Moroccan authorities arrested nine people in the northern area of Rif in connection with a terrorist plot, according to a Thursday report from the interior ministry.

The statement said authorities had uncovered “a plan hatched by members of the terrorist cell to install a training camp in the Rif mountains in order to carry out terrorist acts against public authorities," according to Agence France-Presse.

The suspects’ plans involved obtaining funds from commercial institutions in the city of Sale and setting up fake security checkpoints in the town of Ouzzane. Both cities are within 100 miles of Rabat, the capital.

Officials said the arrests led to seizures of several of the suspects’ possessions, including black flags representing al Qaeda.

If the allegations are true, it is not surprising that the insurgents would choose Rif as a base of operations.

Ever since colonial times, Rif -- which means  “the edge of cultivated land,” according to al-Akhbar -- was distinct from the rest of Morocco. Residents there battled vehemently against European occupation, and, for several years during the early 1920s, Rif became an independent republic.

The area was retaken by colonialist troops in 1926 and eventually handed back to Morocco. Still today, in that strip of mountainous land along the Alboran Sea, a feeling of resentment against the Rabat government persists. This is exacerbated by the administration’s unbalanced allocation of resources; Rif has one of the highest poverty rates in the country.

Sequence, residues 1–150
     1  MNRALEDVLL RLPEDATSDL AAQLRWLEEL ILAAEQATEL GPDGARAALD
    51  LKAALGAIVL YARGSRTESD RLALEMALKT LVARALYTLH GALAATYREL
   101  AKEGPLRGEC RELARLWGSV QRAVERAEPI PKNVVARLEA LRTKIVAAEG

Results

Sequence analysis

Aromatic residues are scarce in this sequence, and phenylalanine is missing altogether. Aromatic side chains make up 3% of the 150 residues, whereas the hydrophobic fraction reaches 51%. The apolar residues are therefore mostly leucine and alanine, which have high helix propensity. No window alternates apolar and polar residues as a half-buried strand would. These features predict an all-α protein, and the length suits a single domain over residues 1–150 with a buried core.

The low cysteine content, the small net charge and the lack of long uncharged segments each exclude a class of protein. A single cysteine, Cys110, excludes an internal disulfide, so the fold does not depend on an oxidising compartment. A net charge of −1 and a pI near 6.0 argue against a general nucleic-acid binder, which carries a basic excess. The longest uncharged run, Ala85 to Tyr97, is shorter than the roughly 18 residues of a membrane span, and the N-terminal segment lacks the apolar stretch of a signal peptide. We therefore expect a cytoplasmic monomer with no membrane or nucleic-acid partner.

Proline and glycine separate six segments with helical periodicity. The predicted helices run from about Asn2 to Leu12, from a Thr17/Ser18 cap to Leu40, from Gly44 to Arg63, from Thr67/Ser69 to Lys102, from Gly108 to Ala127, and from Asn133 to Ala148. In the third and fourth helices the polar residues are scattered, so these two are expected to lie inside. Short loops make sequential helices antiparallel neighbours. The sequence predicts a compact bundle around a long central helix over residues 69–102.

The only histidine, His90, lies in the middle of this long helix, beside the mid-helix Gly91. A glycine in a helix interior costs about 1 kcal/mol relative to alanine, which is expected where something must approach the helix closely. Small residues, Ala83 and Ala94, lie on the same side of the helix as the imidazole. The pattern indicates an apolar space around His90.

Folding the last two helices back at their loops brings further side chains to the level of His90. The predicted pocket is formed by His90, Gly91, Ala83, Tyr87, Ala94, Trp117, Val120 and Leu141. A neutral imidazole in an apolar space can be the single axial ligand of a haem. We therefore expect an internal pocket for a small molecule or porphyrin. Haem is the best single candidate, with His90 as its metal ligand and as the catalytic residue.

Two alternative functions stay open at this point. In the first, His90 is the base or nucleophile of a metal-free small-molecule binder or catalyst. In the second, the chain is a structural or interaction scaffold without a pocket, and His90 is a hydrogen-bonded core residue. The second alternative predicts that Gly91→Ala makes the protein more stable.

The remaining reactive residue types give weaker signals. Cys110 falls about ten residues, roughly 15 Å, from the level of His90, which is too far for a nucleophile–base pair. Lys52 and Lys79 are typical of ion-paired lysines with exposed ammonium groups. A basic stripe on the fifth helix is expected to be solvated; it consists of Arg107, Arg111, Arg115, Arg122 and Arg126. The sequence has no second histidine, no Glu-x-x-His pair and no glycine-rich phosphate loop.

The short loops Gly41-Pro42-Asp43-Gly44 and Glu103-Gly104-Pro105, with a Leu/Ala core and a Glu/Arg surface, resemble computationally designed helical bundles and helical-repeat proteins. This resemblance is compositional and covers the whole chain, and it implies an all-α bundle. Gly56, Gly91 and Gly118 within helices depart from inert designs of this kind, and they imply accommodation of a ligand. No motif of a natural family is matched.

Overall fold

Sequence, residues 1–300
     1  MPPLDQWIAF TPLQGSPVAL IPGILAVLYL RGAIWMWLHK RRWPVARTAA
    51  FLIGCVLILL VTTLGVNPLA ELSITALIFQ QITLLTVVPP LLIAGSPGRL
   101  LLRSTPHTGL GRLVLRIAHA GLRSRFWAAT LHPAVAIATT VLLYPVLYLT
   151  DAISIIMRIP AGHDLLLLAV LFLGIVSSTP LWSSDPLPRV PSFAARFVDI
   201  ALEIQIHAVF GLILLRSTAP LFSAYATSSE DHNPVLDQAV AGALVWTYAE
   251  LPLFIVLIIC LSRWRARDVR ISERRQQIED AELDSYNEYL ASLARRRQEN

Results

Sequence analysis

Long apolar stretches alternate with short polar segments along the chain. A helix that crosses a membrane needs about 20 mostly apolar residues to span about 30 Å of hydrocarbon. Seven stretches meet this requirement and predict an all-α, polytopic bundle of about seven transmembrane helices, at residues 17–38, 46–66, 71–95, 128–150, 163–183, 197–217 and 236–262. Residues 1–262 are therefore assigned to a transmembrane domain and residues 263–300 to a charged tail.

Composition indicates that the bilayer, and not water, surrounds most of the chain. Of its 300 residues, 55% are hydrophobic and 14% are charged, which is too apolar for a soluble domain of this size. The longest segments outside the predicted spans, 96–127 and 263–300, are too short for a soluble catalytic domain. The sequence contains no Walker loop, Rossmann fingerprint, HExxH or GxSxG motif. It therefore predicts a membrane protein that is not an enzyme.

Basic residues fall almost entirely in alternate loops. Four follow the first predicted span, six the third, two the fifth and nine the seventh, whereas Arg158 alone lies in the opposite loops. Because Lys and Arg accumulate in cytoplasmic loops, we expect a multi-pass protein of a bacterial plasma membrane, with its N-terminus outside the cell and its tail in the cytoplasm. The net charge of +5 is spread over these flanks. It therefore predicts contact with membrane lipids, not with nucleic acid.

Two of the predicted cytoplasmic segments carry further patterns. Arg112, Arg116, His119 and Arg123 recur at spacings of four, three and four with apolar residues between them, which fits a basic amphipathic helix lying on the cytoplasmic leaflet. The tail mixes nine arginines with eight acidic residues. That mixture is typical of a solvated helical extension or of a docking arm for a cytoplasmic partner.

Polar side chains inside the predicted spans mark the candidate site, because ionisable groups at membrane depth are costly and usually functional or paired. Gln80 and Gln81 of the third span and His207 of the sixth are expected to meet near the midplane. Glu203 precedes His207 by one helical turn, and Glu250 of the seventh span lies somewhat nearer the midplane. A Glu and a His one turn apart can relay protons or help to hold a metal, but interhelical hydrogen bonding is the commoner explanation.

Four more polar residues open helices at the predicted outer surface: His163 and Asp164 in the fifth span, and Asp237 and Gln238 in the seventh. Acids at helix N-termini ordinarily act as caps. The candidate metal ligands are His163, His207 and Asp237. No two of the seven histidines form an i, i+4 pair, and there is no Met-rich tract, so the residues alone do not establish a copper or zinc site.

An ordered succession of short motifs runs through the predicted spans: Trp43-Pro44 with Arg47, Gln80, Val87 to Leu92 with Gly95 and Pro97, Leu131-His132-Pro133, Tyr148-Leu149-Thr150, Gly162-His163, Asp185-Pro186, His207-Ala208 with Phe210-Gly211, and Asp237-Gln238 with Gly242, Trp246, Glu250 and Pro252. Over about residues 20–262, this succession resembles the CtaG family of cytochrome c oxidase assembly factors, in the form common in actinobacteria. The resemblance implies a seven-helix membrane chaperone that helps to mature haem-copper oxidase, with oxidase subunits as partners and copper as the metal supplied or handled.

Meanwhile, the rest of Morocco enjoys relative stability. It is a tourist hot spot just barely separated from Spain by the Strait of Gibraltar. Its government is an ally of the United States; the two countries have had a free-trade agreement with since 2004.

Western powers have an interest in Moroccan stability now more than ever, since a terrorist organization called al Qaeda in the Islamic Maghreb has lately put down roots in northern Mali, which that was overtaken by insurgents earlier this year. Suddenly, areas surrounding the Sahara desert are of greater geopolitical importance.

Another arrest this week shows just how closely European and Moroccan interests are intertwined. On Wednesday, German security forces captured a French national who is suspected of involvement in a 2003 attack; 45 people died when 12 suicide bombers set off their explosives across Casablanca, Morocco’s most populous city.

Of the nine arrested in connection with the Rif cell, AFP reports that five remain in custody. The other four are being detained for further investigation.